Background: Helminth-derived molecules are being identified as a new therapeutic approach for immune-mediated diseases. We investigated the anti-inflammatory effect and the immunological mechanisms of Schistosoma mansoni soluble egg antigens (SmSEA) in a mouse model of chronic colitis.

Methods: Colitis was induced in immunocompromised severe combined immunodeficiency mice by the adoptive transfer of CD4CD25CD62L T cells. Two weeks post-transfer, SmSEA treatments were started (study 1: 1 × 20 μg SmSEA per week 5 times; study 2: 2 × 20 μg SmSEA per week 3 times). From the start of the treatment (week 2), the clinical outcome and colonic inflammation were assessed at different time points by a clinical disease score and colonoscopy, respectively. At the end of the studies, the colons were harvested for macroscopic examination, and colonic lamina propria mononuclear cells were isolated for flow cytometric T-cell characterization.

Results: In both studies, administration of SmSEA in colitis mice improved all the inflammatory parameters studied. However in study 1, this beneficial effect on inflammation diminished with time, and the T-cell characterization of the lamina propria mononuclear cells, performed at week 6, revealed no immunological effects of the SmSEA treatment. In study 2, mice were killed earlier (week 4) and at that time point, we found a significant downregulation of the number of interleukin-17A-producing T cells and a significant upregulation of the number of interleukin-4-producing T cells in the colon of the SmSEA-treated colitis mice.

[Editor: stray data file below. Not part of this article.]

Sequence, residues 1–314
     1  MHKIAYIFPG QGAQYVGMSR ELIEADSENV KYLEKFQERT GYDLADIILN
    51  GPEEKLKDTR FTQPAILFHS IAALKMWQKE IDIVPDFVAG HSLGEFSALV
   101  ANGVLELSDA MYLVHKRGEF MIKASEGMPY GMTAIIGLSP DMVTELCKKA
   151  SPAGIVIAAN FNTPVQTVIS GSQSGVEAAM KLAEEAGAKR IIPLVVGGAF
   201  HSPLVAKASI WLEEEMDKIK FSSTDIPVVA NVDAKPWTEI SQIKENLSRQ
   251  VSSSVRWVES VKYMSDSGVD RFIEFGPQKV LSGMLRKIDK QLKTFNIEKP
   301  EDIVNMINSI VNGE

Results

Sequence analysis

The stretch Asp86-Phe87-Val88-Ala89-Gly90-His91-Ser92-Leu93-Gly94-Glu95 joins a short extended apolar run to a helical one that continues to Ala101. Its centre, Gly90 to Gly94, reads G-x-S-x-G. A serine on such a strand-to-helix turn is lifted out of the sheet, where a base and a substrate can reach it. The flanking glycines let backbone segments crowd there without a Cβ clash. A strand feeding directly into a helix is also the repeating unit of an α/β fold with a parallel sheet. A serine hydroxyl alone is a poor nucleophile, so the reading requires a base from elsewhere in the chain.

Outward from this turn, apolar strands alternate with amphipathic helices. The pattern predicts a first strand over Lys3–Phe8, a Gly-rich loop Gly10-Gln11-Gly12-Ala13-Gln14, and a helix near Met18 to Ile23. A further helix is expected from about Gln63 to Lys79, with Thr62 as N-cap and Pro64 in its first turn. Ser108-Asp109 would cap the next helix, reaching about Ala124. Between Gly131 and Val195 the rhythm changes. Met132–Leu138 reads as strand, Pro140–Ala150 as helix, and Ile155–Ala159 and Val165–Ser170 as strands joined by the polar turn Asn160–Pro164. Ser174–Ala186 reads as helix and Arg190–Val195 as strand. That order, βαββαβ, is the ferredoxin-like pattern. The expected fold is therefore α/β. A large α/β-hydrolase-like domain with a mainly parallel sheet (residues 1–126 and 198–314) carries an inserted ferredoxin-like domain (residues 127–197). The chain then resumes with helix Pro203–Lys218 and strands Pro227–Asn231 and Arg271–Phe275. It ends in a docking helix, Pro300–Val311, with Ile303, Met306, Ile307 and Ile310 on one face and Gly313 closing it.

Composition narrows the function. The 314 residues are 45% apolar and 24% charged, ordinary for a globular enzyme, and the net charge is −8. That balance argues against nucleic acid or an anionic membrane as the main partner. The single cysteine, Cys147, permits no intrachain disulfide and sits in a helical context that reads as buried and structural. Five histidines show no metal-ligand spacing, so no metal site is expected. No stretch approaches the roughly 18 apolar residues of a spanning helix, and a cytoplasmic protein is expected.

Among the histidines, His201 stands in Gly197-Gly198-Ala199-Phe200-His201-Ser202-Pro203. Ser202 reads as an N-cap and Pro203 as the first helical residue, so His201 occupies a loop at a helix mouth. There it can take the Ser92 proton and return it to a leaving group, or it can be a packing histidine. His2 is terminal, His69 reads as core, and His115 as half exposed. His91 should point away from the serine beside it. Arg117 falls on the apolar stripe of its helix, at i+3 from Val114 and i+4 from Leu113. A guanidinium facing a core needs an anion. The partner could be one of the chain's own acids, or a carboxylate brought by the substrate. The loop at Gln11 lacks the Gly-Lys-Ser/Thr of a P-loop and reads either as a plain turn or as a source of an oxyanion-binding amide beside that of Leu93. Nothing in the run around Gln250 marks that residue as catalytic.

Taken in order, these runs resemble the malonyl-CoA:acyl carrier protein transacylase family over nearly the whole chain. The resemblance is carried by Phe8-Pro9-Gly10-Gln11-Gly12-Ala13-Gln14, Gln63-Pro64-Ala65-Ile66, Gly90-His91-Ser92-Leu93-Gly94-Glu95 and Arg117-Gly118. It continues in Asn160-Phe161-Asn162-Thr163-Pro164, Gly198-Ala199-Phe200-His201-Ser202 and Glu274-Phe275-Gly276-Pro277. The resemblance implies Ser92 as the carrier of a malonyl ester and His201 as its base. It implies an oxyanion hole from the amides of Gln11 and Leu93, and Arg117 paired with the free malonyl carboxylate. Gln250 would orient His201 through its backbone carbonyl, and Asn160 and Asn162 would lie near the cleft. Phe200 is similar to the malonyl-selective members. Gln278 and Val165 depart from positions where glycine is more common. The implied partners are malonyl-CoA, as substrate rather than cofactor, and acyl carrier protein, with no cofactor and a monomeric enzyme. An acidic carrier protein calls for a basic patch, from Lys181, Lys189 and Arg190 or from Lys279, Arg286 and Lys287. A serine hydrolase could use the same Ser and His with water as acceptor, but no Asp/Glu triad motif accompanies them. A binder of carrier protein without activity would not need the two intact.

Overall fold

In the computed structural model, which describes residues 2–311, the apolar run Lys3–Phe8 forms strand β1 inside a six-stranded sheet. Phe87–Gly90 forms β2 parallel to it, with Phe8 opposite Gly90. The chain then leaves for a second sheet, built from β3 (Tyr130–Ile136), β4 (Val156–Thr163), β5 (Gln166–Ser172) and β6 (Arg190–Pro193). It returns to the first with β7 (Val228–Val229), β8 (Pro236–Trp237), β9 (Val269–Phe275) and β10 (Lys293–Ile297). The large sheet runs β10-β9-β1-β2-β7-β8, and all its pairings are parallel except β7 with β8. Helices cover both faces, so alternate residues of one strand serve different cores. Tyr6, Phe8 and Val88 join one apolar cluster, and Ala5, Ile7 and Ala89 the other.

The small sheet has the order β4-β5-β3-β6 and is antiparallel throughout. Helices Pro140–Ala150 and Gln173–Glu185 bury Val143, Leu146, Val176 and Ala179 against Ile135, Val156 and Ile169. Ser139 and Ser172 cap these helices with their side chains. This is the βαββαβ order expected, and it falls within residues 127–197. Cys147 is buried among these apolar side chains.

Conclusions: Our results demonstrated that the administration of SmSEA reduces the severity of colitis in the adoptive transfer mouse model characterized by an increased Th2 response and a suppressed Th17 response in the colon.
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http://dx.doi.org/10.1097/MIB.0000000000000246DOI Listing
January 2015

Worm proteins of Schistosoma mansoni reduce the severity of experimental chronic colitis in mice by suppressing colonic proinflammatory immune responses.

PLoS One 2014 14;9(10):e110002. Epub 2014 Oct 14.

Laboratory of Experimental Medicine and Pediatrics, Division of Gastroenterology, University of Antwerp, Antwerp, Belgium.